This detector is composed from X-ray scintillator, photodiode and thin film transistors (TFT). The TFT is an electronic switch made from amorphous silicon on flat-panel detector, it allows the charge collected at each pixel to be independently transferred to electronic circuit where it is amplified by photomultiplier to be then converted from analog to digital into 512 gray shades in order to produce the digital image data. The digital image will be processed to produce the suitable image for display and diagnosis. The image processing consists of contrast enhancement, gradient removal, smoothing and thresholding the enhanced image into a binary image where the void is shown as all white and the reminder as all black. The binary image is important for defect measurement by the operator. (3) Direct Conversion flat panel detector: Flat panel detector also known as digital detector array (DDA) is in the way to become an alternative technology for both computed radiography and image intensifier based real time radiography. This detectors are characterized by a higher spatial resolution than the systems using fluorescence screens, ( indirect conversion flat panel detector). Flat panel detector is composed from X-ray photoconductor (amorphous Selenium) and TFT so that it is the most efficient detector because it doesn't require an intermediate steps or additional conversion processes for producing the suitable image for display and diagnosis. Digital detector arrays are suitable for in-house inspection, because they need stabilized temperature and moisture conditions. They are an excellent tool for serial part inspection. For service providers a combination of high resolution, high accuracy, high scanning speed with the capability to scan a large range of applications are important. This situation can be best realized by a cone beam digital radiography system using micro focus X-ray tube and DDA. By means of cone beam digital radiography with DDA, the volume of the component can be scanned with only one rotation, the reconstruction can be performed in parallel to the scan. A magnification technique utilizing a micro focus tube that allows to adjust the focal spot size leads to high resolution and short scan times. In fact cone beam reconstruction delivers poorer image quality compared to fan beam CT due to scattered radiation. Scattered radiation can be efficiently reduced by collimating the Xray cone beam to a fan beam but that increases the scan time. Depending on the test objectives, it is advisable to apply cone beam CT for defect analysis and fan beam CT for metrology applications[6-7]. 3 Application of DR and CR in industry Computed and digital radiography can be applied in advantage to inspect composite materials and casting. In composite materials inspection, where speed of inspection is a driving factor. A wing of an airplane is not limited to (35 × 43) cm areas, the application has a need for larger detectors. Up to 130 cm long storage phosphor plates are produced to cover the need of the airplane aileron inspection application, as the inspection of the honeycomb and the glue between the honeycomb and the aluminum sheets. Figure 3 represent a computed radiograph showing the existence of water in honeycomb structure.


Fig.3 computed radiograph of water in honeycomb structure

In metal casting inspection, conventional radiography inspection of a single safety critical casting during production is expensive and time consuming. A premium quality aluminum casting buyer estimated that 5% of the casting cost is in film costs. Digital radiography can be applied to detect flaws in casting during production, and to reduce the production cost by replacing the films with digital detector and saving the inspection time[8-9]. Figure 4 shows an aluminum casting and a slice of the 450 KV cone beam CT scan reveals the presence of flaws inside it.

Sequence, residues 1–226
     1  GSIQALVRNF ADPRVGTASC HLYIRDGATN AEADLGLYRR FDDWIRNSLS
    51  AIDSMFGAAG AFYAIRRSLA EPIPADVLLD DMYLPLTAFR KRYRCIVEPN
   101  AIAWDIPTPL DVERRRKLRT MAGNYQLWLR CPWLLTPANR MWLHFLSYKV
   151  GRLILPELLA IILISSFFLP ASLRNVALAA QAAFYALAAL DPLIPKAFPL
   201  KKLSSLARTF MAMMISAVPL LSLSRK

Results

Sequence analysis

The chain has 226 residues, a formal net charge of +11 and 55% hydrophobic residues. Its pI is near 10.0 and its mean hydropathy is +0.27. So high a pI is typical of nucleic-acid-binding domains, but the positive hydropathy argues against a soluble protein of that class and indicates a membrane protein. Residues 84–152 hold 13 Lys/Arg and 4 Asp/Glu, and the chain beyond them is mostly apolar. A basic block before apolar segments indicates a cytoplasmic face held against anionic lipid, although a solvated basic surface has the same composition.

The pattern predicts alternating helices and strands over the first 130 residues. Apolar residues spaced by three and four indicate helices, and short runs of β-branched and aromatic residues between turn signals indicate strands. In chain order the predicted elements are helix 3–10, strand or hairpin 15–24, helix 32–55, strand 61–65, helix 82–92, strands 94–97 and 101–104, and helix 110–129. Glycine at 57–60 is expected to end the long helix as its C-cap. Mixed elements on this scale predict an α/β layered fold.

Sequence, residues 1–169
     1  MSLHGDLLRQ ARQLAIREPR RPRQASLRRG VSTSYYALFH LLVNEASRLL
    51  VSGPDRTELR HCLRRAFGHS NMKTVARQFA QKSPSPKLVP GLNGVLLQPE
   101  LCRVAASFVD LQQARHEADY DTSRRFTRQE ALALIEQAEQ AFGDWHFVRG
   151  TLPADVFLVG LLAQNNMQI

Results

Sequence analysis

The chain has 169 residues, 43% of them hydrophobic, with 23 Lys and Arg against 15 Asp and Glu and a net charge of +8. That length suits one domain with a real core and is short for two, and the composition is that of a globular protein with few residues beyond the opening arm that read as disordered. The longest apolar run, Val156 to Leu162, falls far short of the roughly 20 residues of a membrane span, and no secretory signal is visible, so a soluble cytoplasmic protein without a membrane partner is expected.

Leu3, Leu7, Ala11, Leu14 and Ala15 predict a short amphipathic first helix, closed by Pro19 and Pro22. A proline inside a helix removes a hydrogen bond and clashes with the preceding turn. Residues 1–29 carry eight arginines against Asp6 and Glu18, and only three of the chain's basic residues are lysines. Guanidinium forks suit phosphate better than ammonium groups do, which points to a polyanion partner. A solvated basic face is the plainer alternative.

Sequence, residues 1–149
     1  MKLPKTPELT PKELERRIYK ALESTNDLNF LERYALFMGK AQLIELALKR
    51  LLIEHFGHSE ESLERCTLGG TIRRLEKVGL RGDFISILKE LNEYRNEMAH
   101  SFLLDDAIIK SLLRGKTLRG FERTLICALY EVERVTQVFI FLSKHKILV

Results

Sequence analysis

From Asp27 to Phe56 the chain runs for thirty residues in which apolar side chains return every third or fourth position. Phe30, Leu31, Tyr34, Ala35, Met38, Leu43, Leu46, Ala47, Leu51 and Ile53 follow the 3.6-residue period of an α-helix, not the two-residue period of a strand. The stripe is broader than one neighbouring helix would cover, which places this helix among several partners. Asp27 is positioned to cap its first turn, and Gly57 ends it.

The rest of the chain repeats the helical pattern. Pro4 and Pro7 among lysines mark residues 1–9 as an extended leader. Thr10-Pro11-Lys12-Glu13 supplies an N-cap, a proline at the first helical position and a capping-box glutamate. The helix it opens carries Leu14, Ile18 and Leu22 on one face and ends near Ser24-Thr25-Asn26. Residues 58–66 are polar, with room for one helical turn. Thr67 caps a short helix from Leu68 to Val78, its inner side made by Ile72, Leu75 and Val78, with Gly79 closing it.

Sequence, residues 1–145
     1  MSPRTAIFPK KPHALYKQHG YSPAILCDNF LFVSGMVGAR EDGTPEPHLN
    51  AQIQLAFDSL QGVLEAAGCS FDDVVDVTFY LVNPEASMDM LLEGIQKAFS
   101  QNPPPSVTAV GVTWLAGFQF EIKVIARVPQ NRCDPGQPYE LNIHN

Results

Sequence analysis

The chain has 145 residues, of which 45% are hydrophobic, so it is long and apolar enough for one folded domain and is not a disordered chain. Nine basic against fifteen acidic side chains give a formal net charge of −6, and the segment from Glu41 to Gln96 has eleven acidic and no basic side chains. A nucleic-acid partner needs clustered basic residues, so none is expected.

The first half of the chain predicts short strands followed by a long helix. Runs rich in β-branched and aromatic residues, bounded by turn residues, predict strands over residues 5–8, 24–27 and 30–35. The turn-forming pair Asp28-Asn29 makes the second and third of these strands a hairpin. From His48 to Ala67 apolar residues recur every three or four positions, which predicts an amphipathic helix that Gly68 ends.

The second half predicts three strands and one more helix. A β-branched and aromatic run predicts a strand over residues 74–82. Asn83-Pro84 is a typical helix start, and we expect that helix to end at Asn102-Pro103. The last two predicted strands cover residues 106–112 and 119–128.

Fig. 4 aluminum casting and a slice of the 450 KV cone beam CT scan

4 Transition from analogue film radiography to digital radiography Almost anything can be tomographically inspected, the transition from film to digital radiography is not always smooth and successful. The transition must be done after learning lessons from the NDT organization using digital radiography equipments, because the transition to digital radiography is not always the best choice in every case especially from the point of view investment. In general, tomography can be a practical NDT technique if: (1) The consequences of material failure are disastrous (economically or in loss of life). (2) There are very large number of identical inspections to be made. (3) The data cannot be obtained by any other way. (4) the management of information and images are required. 5 Conclusion Film radiography is still in use in many industries due to their high spatial resolution needed to detect very small defects. However, new generation of digital detectors become more and more competitive to film radiography, they give similar film performance and defect sensitivity for many application. 5

Transition from film radiography to digital radiography is not for every NDT organization which doesn't have sufficient justification to make the initial expense. But when there are justifications, the benefits of the transition are many and, after all, this transition is an inevitable evolution of NDT industry. References [1] Introduction to digital radiography, [2] J. M. Wells, On the future of 3-D visualization in non-medical industrial X-ray computed tomography, 16WCNDT, September 2004 Montreal, Canada. . [3] P. F. Lister, Applications of X-ray computed tomography in the wood products in industry, 16WCNDT, September 2004 Montreal, Canada. [4] J-M Casagrande and al, comparison between a flat panel detector and multi-linear detector for x-ray NDT, ASNT conference, July 2003, Totowa, USA,. [5] R. Hanke and al, Automated high speed volume computed tomography for inline quality control, 16WCNDT, September 2004 Montreal, Canada. [6] U. Ewert, U. Zscherpel, and K. Bavendiek, Film replacement by digital x-ray detectors ­ the correct procedure and equipment, 16WCNDT, September 2004 Montreal, Canada. [7] U. Zscherpel and al, Comparative analysis of radiological detector systems, 8th ECNDT, Barcelona 2002. [8] Martin Simon, and al, Development of multi sensor and multi source computed tomography systems, International Symposium on Digital industrial Radiography and Computed Tomography, Jun 2007, Lyon, France. [9] Lars Hammar, Hakan Wirdelius, Radiography sensitivity improved by optimized high resolution x-ray detector design, International Symposium on Digital industrial Radiography and Computed Tomography, Jun 2007, Lyon, France.



Digital Radiography in Industry